The sense of feeling-tone, I think (and agreeing with Antonio Damasio's treatment of it as primal 'emotion'*), is that aspect of any organism's neural hard-wiring that colors any incoming sensation as potentially beneficial or harmful (or neither). The difficulty arises in that as soon as we use words like 'pleasant/unpleasant', 'attraction/repulsion', or 'pursuit/rejection', more complex levels of reaction and intention (sankharas) tend to subtly come into play. (Perception –sanna – always overlays the initial raw sensation with associations, labeling, 'meaning', etc.)

The neural networks (which all organisms have, tho many don't have brains, per se) definitely interpret stimuli with bias. Damasio's sense of 'emotion' is very basic: 'e(x)-motion', or a reflexive moving out of relative stasis, either towards or away from. This aspect of organic behavior is inescapable (hard-wired). Damasio also, s/w helpfully, distinguishes that from 'feeling', which he defines as the consciousness processing of 'emotion', that primal tendency to reactively move-out.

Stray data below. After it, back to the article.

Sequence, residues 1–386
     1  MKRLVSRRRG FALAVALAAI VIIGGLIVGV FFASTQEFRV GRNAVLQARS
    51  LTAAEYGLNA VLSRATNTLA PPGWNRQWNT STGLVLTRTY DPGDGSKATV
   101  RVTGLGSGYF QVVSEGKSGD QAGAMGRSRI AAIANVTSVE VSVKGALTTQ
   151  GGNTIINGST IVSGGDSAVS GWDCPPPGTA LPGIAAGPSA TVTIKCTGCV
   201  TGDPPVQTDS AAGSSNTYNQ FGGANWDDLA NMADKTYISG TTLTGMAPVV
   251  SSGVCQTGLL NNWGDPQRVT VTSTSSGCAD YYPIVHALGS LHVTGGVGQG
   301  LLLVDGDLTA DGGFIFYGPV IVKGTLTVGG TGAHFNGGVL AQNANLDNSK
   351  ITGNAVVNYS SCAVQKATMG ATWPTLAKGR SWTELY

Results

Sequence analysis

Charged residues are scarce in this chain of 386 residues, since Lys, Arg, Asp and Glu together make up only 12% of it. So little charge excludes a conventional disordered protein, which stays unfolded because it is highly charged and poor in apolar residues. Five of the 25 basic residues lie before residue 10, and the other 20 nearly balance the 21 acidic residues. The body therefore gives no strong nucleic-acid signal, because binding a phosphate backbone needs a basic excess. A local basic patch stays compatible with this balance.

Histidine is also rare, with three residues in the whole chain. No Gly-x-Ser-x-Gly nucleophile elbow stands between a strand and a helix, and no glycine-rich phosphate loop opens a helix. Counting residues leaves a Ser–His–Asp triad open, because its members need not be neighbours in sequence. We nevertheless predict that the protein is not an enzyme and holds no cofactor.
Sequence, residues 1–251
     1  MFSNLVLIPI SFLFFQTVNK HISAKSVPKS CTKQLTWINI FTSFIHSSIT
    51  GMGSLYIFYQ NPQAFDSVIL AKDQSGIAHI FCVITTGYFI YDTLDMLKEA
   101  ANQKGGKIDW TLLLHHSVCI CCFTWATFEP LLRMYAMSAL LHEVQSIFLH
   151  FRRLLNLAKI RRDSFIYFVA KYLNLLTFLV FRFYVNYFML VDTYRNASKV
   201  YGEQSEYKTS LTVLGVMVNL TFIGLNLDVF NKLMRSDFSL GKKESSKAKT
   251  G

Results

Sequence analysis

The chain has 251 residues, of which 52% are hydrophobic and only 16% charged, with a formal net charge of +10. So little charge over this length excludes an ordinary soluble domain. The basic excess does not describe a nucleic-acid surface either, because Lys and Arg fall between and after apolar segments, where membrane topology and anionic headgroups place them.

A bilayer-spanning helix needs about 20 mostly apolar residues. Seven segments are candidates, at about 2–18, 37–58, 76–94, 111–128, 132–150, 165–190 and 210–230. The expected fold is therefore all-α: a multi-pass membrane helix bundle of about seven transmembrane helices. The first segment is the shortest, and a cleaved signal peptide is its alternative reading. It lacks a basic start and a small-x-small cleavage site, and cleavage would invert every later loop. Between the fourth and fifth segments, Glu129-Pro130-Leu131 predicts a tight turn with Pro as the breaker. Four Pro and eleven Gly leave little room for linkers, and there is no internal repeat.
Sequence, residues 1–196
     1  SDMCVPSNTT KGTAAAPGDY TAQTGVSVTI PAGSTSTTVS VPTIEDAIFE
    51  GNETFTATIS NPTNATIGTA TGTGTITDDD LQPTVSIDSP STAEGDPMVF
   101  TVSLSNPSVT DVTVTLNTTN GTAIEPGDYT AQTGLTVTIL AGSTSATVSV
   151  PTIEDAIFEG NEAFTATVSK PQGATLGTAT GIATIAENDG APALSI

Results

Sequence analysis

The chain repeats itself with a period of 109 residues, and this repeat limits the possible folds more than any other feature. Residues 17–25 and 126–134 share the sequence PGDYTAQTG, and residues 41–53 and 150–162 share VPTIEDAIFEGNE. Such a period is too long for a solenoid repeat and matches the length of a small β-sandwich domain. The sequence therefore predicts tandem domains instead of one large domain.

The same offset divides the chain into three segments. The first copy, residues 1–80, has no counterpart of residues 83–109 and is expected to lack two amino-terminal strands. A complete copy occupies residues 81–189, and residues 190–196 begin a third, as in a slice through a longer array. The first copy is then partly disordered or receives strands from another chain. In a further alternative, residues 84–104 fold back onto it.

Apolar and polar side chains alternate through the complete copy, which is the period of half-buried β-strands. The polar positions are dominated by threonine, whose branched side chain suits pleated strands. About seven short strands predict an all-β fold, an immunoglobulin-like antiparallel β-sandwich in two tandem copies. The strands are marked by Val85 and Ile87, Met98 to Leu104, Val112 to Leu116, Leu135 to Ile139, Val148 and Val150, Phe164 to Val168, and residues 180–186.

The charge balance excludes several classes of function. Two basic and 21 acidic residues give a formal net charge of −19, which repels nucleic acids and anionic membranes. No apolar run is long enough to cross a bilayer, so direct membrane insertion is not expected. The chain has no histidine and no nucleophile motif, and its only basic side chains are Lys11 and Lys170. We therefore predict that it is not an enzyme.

There's the critical point: to what degree, how deeply does (any particular) 'enlightenment' or 'awakening' actually cut the 7th link of dependentco-arising, where perceptual feeling-tone (vedana) becomes /conditions mental wanting (tanha)?

In one sense, the primal organic feeling-tone bias is 'stress', it is creating movement (Damasio's 'emotion'), i.e. organically it's not satisfactory (dukkha) to just sit still; there's a drive, a stressing, to respond to the stimulus. In another sense, if the mind doesn't 'move', doesn't 'feel' (in Damasio's sense) or elaborate upon the perception, then is it thereby free of 'suffering'? The equanimity of Not Tao's"…all experience becomes equal"?

btw: A related topic ("The truth of dukkha") has been running as the maiden-voyage thread in the newly reborn KDF forum (DhO thread "Kenneth Folk Dharma is back"), where Kenneth kicks it off with:
"As long as you draw breath, there is dukkha. It's not because you are doing it wrong. To misunderstand this is to misunderstand Buddhism. This is my opinion. What is yours?"
In fact, I may reshape this post to enter into that discussion -- if I can figure out how to work around his typically provocative assertion about understanding 'Buddhism'.